1
$\begingroup$

I am looking for open source implementations of an EKF for 6D pose estimation (Inertial Navigation System) using at minimum an IMU (accelerometer, gyroscope) + absolute position (or pose) sensor.

This seems to be such a recurring and important problem in robotics that I am surprised I cannot find a few reference implementations. Does everyone just quickly hack together his own EKF and move on to more interesting things? Is that not rather error-prone?

I would ideally like a well-tested implementation that can serve as a reference for fair evaluation of possible improvements.

$\endgroup$
2
  • $\begingroup$ @roboman, perhaps the reason the OP couldn't find much regarding the problem was that he didn't know it's called Inertial Navigation System? That's why I rejected your edit (even though a moderator accepted it), because I think you know about the problem and you could perhaps write up an answer, or at least a comment with a few pointers. $\endgroup$ – Shahbaz Nov 17 '14 at 12:35
  • $\begingroup$ @Shahbaz woha ..... I implemented one for a company few months ago , also I didn't conduct a search about INS open source , let me check $\endgroup$ – RoboMan Nov 18 '14 at 9:14
2
$\begingroup$

I believe this should tick all your boxes:

http://wiki.ros.org/robot_localization

It's a ROS node for 6D pose estimation that has the following features:

  • Fusion of an arbitrary number of sensors. The nodes do not restrict the number of input sources. If, for example, your robot has multiple IMUs or multiple sources of odometry information, the state estimation nodes within robot_localization can support all of them.
  • Support for multiple ROS message types. All state estimation nodes in robot_localization can take in nav_msgs/Odometry, sensor_msgs/Imu, geometry_msgs/PoseWithCovarianceStamped, or geometry_msgs/TwistWithCovarianceStamped messages.
  • Per-sensor input customization. If a given sensor message contains data that you don't want to include in your state estimate, the state estimation nodes in robot_localization allow you to exclude that data on a per-sensor basis.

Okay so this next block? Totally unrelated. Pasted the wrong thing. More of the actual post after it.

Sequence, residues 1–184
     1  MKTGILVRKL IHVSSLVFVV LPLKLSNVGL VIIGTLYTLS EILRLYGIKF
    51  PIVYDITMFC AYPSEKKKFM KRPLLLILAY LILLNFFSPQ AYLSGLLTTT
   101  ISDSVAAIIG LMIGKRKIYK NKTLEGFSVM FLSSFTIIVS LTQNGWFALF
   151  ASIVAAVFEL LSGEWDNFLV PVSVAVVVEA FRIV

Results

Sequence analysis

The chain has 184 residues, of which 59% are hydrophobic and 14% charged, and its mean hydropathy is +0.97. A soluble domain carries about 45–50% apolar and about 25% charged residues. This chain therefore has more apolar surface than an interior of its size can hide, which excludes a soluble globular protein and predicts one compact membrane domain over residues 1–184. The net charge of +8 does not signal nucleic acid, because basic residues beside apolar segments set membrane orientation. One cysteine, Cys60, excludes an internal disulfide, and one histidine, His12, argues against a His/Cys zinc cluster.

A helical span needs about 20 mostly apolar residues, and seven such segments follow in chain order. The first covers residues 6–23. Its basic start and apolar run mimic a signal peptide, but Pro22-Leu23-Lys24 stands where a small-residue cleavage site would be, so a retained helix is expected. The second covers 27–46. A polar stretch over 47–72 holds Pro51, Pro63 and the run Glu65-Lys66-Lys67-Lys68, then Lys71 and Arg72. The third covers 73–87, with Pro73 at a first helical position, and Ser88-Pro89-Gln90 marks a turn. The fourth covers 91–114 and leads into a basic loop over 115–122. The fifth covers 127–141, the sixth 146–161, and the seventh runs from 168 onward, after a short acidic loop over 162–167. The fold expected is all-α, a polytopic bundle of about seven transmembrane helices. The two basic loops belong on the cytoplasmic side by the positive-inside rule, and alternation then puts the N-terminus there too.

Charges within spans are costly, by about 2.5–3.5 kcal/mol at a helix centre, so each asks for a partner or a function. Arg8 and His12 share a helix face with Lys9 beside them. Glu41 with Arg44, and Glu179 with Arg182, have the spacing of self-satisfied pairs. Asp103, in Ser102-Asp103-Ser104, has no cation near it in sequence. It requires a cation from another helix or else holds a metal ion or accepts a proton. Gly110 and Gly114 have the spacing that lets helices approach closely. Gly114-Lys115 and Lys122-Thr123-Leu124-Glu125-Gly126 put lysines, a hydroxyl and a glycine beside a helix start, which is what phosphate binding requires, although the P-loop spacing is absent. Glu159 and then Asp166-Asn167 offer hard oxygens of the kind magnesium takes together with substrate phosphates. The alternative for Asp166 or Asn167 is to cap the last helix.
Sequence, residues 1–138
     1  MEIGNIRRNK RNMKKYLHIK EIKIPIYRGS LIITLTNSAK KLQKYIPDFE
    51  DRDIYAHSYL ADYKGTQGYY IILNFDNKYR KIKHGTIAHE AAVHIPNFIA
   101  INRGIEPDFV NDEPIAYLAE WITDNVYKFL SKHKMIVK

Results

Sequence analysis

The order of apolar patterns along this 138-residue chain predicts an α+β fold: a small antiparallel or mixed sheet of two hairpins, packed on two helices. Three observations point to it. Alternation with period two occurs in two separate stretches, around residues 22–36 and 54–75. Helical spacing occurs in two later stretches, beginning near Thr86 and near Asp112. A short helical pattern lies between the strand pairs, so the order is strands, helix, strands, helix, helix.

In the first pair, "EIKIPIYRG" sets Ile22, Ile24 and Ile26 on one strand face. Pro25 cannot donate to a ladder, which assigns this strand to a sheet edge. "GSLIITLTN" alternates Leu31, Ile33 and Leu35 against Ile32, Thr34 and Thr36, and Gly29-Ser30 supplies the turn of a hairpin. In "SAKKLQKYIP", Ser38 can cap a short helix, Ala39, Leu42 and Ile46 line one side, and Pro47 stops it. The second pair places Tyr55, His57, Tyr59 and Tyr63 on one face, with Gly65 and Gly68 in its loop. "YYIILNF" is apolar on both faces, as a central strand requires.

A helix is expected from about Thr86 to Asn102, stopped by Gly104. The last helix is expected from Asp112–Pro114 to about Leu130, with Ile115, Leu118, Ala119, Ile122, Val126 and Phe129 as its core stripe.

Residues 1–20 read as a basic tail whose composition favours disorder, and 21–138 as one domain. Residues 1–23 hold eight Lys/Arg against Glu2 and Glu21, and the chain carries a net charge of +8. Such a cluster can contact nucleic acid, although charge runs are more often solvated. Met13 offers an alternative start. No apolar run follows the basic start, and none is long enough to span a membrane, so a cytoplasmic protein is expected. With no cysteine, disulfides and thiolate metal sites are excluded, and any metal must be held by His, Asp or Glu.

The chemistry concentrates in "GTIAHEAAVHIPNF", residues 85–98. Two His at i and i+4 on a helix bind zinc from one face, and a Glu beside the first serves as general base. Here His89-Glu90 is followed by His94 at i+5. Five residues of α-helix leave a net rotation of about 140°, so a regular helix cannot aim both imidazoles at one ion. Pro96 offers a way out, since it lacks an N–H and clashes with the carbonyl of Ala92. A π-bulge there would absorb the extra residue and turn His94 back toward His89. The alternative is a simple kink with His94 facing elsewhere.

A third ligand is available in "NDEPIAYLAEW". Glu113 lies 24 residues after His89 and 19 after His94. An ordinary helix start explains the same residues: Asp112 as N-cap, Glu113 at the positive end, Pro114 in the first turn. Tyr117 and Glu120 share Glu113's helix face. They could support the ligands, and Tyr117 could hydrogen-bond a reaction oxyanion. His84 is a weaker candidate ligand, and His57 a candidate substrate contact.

• Continuous estimation. Each state estimation node in robot_localization begins estimating the vehicle's state as soon as it receives a single measurement. If there is a holiday in the sensor data (i.e., a long period in which no data is received), the filter will continue to estimate the robot's state via an internal motion model.

It has both an EKF implementation (ekf_localization_node) and a UKF (ukf_localization_node). Feel free to ask questions on the ROS Answers site.

$\endgroup$
5
  • $\begingroup$ Thanks, this looks almost perfect. How could I have missed it? It looks like a rather new package. The only problem I see is its reliance on Euler angles, which is probably not a problem for the authors since it seems to be aimed at wheeled robots. $\endgroup$ – sebsch Nov 18 '14 at 9:21
  • $\begingroup$ The interfaces to it (the input and output messages) use quaternions, but they are converted to Euler angles internally. $\endgroup$ – TheWumpus Nov 18 '14 at 13:39
  • $\begingroup$ ...also, I've used it with a Parrot Drone, and it works fine. $\endgroup$ – TheWumpus Nov 18 '14 at 15:01
  • $\begingroup$ @TheWumpus, it would be a good idea to quote the most relevant parts of the link in your answer, since sooner or later that page is either going to die or its contents changed. That way, the answer to the question would be lost. $\endgroup$ – Shahbaz Nov 20 '14 at 10:39
  • $\begingroup$ Fair enough, will do. For the record, though, I'm the maintainer of that link. :) $\endgroup$ – TheWumpus Nov 20 '14 at 13:51

Your Answer

By clicking “Post Your Answer”, you agree to our terms of service, privacy policy and cookie policy

Not the answer you're looking for? Browse other questions tagged or ask your own question.